Sharp rise in number of borrowers among older people

News, Staff memo The average debt-to-income ratio of households increased from 289 to 311 per cent between 2010 and 2016. During the same period, the median debt-to-income ratio rose from 221 to 258 per cent. The number of people aged around 35 who borrow – the age group that borrows the most – has fallen while both the number of borrowers and their average debt has increased sharply among people over the age of 65.

Many analysts, including the Riksbank, the IMF and the European Commission, have pointed out that high and rising household indebtedness has contributed to making Swedish households vulnerable and that this poses a serious threat to financial and macroeconomic stability in Sweden. The report "Indebtedness in various age groups in Sweden" analyses the development of debt using microdata about the loans of Swedish individuals.

There is a clear lifecycle pattern in the debt-to-income ratio (and its components), i.e. individuals firstly increase their debt-to-income ratio and then, around the age of 35, it decreases as a result of a combination of increased income and lower borrowing. Between 2010 and 2016, the lifecycle pattern has become less obvious as individuals over the age of 35 have increased their debt-to-income ratio the most.

During the period studied, changes in the number of people and the proportion of borrowers in the various age groups, if anything, have offset the increase in the debt-to-income ratio. This is primarily due to an increase in the number of borrowers in older age groups that have a lower average debt-to-income ratio. At the same time, the number of borrowers between 30 and 40 years old, i.e. the group with the highest average debt-to-income ratio, has decreased.

The increase in the number of older borrowers is due both to demographic changes (a higher number of older people) and to an increase in the propensity to borrow (higher proportion of borrowers) in older age groups.

The increase in the number of borrowers over 65 years old is particularly substantial. For these individuals, the debt-to-income ratio has also increased sharply and total debt has risen by over 100 per cent. This upturn is due to an increase in the size of the group, an upturn in the proportion of borrowers in the group and the fact that borrowers are borrowing more.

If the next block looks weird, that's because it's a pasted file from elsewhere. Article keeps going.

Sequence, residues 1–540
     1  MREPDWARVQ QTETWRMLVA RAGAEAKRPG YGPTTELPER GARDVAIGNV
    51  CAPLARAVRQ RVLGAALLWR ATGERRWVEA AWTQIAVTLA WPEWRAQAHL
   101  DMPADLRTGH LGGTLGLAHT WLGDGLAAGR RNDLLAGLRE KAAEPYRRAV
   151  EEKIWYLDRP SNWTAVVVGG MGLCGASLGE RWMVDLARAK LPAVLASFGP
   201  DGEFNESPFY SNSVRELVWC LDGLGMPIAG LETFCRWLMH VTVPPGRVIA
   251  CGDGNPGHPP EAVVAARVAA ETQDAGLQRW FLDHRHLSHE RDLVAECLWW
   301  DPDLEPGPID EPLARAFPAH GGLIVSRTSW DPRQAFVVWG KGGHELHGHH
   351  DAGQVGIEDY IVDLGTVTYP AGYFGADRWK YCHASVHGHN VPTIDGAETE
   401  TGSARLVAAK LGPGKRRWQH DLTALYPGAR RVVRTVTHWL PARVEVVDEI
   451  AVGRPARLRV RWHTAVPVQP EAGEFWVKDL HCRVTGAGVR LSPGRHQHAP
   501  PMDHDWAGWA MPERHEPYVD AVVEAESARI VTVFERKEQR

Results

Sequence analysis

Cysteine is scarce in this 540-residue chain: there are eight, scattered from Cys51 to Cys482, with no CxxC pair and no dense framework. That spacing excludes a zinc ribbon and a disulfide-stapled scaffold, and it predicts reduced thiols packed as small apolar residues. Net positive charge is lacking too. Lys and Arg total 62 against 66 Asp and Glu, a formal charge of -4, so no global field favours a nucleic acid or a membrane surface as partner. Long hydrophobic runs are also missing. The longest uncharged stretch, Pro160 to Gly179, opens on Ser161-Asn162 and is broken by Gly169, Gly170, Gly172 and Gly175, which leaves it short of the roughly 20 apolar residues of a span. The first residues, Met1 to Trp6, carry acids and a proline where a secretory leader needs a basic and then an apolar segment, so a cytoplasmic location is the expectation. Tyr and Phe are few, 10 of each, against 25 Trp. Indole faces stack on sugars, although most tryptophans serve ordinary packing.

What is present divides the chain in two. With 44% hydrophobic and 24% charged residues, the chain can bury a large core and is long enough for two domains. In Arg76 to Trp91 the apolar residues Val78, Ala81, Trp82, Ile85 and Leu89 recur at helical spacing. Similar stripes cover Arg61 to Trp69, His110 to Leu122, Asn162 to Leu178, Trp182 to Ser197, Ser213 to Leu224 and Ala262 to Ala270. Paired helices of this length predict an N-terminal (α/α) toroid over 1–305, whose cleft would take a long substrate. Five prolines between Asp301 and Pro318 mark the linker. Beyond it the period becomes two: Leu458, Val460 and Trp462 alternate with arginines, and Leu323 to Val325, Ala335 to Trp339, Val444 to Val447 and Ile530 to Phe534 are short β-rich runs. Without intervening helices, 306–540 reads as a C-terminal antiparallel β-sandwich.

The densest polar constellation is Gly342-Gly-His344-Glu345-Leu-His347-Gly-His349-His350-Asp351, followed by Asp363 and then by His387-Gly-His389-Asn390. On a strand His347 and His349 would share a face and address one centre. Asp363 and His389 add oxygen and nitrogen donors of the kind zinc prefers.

The report also discusses what the changes in the development of debt mean for financial stability.

The number of borrowers around the age of 35 – the group that borrows the most – has decreased. This could imply lower risk. However, those who are borrowers are borrowing more, which may pose a greater financial risk.

The increase in the debt-to-income ratio among older borrowers could imply a greater risk primarily for those above retirement age. These people may find it difficult to increase their income if, for example, the cost of borrowing rises. It is not obvious, however, that the risks in this group have increased. The rise in debt could reflect the fact that borrowers are realising an upturn in asset prices, which does not necessarily mean that the risks have increased. Individuals have, however, become more sensitive to changes in borrowing costs, as housing units are illiquid assets, and can therefore not be used to pay day-to-day costs.

The Staff Memo was written by Johan Eng Larsson, Kerstin Hallsten and Matilda Kilström. The authors work at the Riksbank's Financial Stability Department and at the Institute for International Economic Studies, Stockholm University.

About Staff memos

In Staff Memos, Riksbank employees can publish longer analyses in their own names. The opinions expressed in Staff Memos are those of the authors and are not to be seen as the Riksbank's standpoint.

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Updated 20/03/2018